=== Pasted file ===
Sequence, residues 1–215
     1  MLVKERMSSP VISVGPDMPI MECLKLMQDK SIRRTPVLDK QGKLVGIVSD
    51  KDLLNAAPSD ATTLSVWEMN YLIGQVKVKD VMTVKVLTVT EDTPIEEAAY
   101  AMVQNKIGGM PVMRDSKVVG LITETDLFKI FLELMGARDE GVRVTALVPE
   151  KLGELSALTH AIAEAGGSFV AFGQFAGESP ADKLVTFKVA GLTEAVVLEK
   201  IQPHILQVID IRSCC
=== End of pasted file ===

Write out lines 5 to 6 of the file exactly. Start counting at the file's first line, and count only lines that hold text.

   151  KLGELSALTH AIAEAGGSFV AFGQFAGESP ADKLVTFKVA GLTEAVVLEK
   201  IQPHILQVID IRSCC